So this year’s Mother’s Day, I thanked my momma for making life fun. Thank you for a happy childhood full of memories. And thank you for teaching me that a lived-in, and sometimes messy, home is a happy home.

Motherhood is a gift

1386612_mom_and_kidEditor’s note: Attachment Parenting International (API) hopes every mom enjoyed her Mother’s Day on May 10 and every dad is looking forward to Father’s Day on June 21. This week, in honor of all mothers, API gives you a special “Inspired Mothers” celebration. We hope these posts inspire you in your parenting journey.

The road to forming your family through adoption, and thus becoming a mother, can be long.

Various interviews, paperwork, letters of reference and physician referrals that are required before you are considered eligible can make the process of becoming a parent seem tedious. As you wait and yearn to care for a child, it can become difficult to see other couples and families receive referrals or become matched. At times, the wait may seem unbearable.

Yet, you still need to prepare physically and emotionally and be ready for your little one to arrive. So, like any parents anxious to build their family, you turn to blogs, books, anything that will give you a glimpse of what a family formed through adoption looks and feels like. You decide upon things like cosleeping or nursery, bottle-feeding or breastfeeding, open or closed adoption.

While waiting to grow our family, my husband and I researched it all. Yet, no matter how many books we read or blogs we followed, nothing could have prepared us for that moment: sitting across from this woman, seeing both the pain and joy in her eyes, watching her hold our son.

Up until this moment, preparing to meet our son, I had been focusing on how to care for a baby, not how to emotionally connect with my son and the woman who gave him life and love — his birth mother.

As I watched her and heard the palpable mix of loss and love in her voice, I learned more than a blog or book could ever teach me. My husband and I left this conversation with our son’s birth mother with a seemingly conflicting sense of sadness and loss but also joy. We renewed our determination to provide both of our sons with greater security, tangible love and a concrete sense of confidence in themselves, knowing they are loved beyond measure. I learned the love of a birth mother and how that love would transform our sons’ lives and ultimately encourage me to be a better mother myself.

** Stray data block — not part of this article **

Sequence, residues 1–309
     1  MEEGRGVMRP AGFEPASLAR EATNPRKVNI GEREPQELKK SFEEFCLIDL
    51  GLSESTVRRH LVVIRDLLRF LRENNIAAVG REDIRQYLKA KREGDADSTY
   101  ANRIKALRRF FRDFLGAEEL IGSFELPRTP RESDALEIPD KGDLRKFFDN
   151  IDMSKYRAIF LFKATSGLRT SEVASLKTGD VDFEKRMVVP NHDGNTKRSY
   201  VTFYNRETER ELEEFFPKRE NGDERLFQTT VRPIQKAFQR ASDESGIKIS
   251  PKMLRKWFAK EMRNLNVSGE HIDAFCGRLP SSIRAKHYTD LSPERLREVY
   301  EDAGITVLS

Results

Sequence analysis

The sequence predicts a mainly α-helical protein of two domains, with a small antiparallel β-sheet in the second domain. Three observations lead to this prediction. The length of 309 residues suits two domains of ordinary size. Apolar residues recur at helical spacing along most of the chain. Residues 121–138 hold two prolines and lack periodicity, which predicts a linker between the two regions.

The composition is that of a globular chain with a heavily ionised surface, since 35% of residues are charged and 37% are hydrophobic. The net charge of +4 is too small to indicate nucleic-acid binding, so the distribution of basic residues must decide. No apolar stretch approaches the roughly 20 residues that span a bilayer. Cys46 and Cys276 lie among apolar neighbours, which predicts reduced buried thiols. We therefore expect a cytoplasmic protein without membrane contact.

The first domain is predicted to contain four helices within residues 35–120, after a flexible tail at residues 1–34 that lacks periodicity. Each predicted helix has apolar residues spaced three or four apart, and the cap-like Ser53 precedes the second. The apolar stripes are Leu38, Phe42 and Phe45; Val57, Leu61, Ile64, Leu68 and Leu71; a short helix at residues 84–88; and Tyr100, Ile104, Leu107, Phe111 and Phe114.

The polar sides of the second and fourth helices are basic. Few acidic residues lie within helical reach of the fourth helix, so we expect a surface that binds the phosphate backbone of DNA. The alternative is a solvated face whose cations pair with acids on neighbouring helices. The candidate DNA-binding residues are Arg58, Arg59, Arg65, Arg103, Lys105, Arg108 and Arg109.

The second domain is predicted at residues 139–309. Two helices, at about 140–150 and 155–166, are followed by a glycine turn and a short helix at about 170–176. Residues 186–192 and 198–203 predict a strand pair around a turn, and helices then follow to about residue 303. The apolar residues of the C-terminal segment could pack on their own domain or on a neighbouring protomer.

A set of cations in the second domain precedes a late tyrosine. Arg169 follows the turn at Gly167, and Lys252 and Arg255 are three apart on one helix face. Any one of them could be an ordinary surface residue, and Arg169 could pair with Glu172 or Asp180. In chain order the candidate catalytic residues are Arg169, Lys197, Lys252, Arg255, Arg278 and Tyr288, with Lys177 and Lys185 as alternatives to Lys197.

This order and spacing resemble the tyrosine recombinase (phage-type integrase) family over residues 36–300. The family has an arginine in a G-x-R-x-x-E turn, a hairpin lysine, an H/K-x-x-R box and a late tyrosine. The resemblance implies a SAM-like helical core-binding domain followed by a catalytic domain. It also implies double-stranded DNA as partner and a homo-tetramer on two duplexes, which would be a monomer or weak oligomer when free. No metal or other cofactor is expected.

The love of a birth mother is at times sacrificial and gives life and possibility, not only to the precious life brought into this world but also to the adopting mother and family. This love allowed me to experience motherhood, to see my children’s first smiles and hear their first laughs, to hold my boys close and dry away tears, and to receive unconditional love from two wonderful beings. It encourages me to seek everyday moments of connection through activities, such as light saber battles and family football games, strengthening the bonds that I have with my sons.

The knowledge of this first love sparks honest and empathetic conversation within our family. When my older son asks, “Where did my baby brother come from?” I am able to openly tell him a story of a woman who loved his baby brother and carried him in her belly, ultimately allowing us to grow our family, just like his own birth mother did before he was born. Responding sensitively with empathy and love as we talk about their birth mothers, or first families, allows me to build trust with my sons, sharing in their developing emotions.

On this year’s Mother’s Day, I celebrated more than being a mom myself and being blessed with a compassionate mother and caring grandmothers. I’m celebrating the courageous women — the other mothers — who granted me the amazing gift of becoming a mom.

Babies becoming big kids

1386612_mom_and_kidEditor’s note: Attachment Parenting International (API) hopes every mom enjoyed her Mother’s Day on May 10 and every dad is looking forward to Father’s Day on June 21. This week, in honor of all mothers, API gives you a special “Inspired Mothers” celebration. We hope these posts inspire you in your parenting journey.

Last week, my husband and I went out to dinner and a movie, while my mom put our toddler to bed.  To many families, this might not be a big deal, but no one other than me had ever put her to bed before. My mom let her stay up an hour past her usual bedtime, so my husband and I drove around until my mom texted us that our daughter was asleep and we could come in.

While we drove, I cried. Was my daughter upset? (She wasn’t.) Was she asking for me? (She did, and accepted my mom’s explanation that Mommy and Daddy would be there when she woke up.)  Did she still need me?

Of course she does, she’s 2 years old. But she certainly doesn’t need me as much as she used to.

That’s the paradox of mothering young children: When they need you relentlessly, you long for a break. But when they suddenly don’t need you for something, it leaves a void.